“But as some of the speakers said, it’s one thing launching an unmanned aerial vehicle, but what are you going to get out of it? There’s no point in collecting data unless it has some sort of useful application.”

“On that basis, we think it’s important to be targeted in what producers want to achieve. Woody weed control is an area of interest, as are some of the monitoring functions. But we don’t want to get to a point where farmers aren’t going out into the paddock to get dirt on their boots.”

“The last thing we want is some objective like trying to run 10,000 cattle with two staff. It’s more about trying to optimise how the business functions, rather than simply cutting back on the number of employees.”


John Griffith, NAPCo non-executive director and University of Adelaide advisory board member


As an advisory board member with the University of Adelaide, John Griffith saw the whole field including robotics and UAVs providing a channel to make agriculture a more attractive field for young graduates to work in.

John Griffith with one of the unmanned drones on display at Mobiletech

John Griffith with one of the unmanned drones on display at Mobiletech

“The mind boggles as to what lies ahead for the cattle industry, having come to this conference to hear what’s coming through the development pipeline,” the former AA Co managing director said.

“It’s exciting stuff. There could be potential for aerial mustering using unmanned aircraft, at a fraction of the cost of using helicopters. The people with displays here told me it was achievable. They were talking about a UAV with 20 hours flying time, carrying a payload of up to 50kg, so it sounds like the distance issue in larger-scale areas might not be a problem in future.”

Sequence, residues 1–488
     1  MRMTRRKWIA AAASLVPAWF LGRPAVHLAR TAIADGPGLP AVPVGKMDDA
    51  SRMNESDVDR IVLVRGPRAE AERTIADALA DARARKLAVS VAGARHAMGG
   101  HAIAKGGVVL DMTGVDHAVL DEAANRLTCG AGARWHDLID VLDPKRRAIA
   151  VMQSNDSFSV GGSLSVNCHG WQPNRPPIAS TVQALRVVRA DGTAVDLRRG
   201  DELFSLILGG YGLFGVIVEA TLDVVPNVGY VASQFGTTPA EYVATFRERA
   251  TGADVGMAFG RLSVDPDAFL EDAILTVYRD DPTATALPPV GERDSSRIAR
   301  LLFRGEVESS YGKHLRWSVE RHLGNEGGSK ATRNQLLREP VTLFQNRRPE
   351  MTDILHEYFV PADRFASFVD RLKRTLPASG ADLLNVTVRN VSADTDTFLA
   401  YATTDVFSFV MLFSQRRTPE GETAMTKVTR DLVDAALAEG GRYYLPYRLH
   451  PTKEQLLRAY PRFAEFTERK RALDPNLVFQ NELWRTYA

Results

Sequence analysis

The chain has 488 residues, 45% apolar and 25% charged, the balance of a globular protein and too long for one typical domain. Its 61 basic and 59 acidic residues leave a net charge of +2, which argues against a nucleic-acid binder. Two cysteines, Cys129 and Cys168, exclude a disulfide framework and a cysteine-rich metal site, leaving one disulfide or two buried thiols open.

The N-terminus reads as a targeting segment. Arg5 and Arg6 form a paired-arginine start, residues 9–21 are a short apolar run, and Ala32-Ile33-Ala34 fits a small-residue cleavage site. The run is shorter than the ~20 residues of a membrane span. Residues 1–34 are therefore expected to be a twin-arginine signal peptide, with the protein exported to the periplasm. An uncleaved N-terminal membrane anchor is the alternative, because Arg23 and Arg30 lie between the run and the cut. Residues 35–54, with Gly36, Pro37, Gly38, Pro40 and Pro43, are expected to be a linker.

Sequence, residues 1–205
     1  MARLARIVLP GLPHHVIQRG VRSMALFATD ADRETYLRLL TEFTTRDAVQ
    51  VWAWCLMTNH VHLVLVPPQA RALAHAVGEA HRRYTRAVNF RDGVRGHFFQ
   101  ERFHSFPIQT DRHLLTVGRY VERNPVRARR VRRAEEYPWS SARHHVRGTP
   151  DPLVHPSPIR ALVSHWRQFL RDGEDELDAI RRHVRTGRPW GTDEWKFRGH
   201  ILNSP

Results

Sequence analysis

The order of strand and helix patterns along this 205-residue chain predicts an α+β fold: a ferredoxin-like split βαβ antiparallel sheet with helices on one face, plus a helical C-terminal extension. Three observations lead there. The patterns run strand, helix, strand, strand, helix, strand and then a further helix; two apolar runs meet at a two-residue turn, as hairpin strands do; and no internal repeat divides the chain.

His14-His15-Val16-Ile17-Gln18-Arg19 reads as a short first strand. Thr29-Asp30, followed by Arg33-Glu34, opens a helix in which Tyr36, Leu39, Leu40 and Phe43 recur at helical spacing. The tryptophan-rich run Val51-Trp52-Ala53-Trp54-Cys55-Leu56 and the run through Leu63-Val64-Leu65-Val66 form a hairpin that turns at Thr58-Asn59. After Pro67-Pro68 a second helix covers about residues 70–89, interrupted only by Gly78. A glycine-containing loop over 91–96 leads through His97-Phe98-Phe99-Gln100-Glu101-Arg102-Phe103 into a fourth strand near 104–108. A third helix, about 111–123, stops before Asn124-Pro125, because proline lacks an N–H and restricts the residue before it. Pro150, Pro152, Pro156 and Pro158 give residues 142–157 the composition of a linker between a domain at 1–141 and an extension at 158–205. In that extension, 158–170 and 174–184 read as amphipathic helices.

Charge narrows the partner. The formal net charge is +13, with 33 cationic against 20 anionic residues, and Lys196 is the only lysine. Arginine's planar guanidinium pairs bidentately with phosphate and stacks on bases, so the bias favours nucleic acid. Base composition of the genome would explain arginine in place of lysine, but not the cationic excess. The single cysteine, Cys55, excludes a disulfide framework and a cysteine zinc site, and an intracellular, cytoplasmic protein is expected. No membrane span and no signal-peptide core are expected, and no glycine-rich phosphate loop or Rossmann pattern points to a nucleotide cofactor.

“Longer term, the traditional helicopter could be more or less replaced by these vehicles.”

Beyond aerial mustering, there could be interesting applications even in large scale feedlot operations, he suggested. “Aerial vehicles equipped with sensitive thermal imaging cameras could find a role, currently handled by pen riders, in identifying those stock with respiratory problems running a temperature, for separation and treatment.”

“I can see a multitude of areas where these different technologies might apply. Killing woody weeds could change forever. In the past, there’d be a saddlebag on a horse containing some pellets, and you’d throw a few on any woody weeds you saw along the way. Drones might do that in future.”

“It’s not that far away. The woody weed control application can happen right now; while some of the others might be a few years away yet.”


Terry McCosker, Resource Consulting Services


Terry McCosker, RCS

Terry McCosker, RCS

While his primary interest in the Mobiletech conference was in the area of measurement of soil carbon, in which he specialises, Terry McCosker said he was looking for an overview of where such technologies were up to, from a livestock industry perspective.

“In terms of livestock, I think it still has a little way to go. But some applications, like perhaps mustering cattle using small pilotless quad-copters, could have application soon. With the way the prices of helicopters are going for mustering, they may have a big future,” he said.

“Helicopter mustering appears to be being replaced by gyrocopters in some parts of Queensland, which operate for about a quarter of the operating costs per hour. These UAVs may be only a fraction of that again.”

“Battery life may still be an issue still in larger areas, but they are getting better all the time.”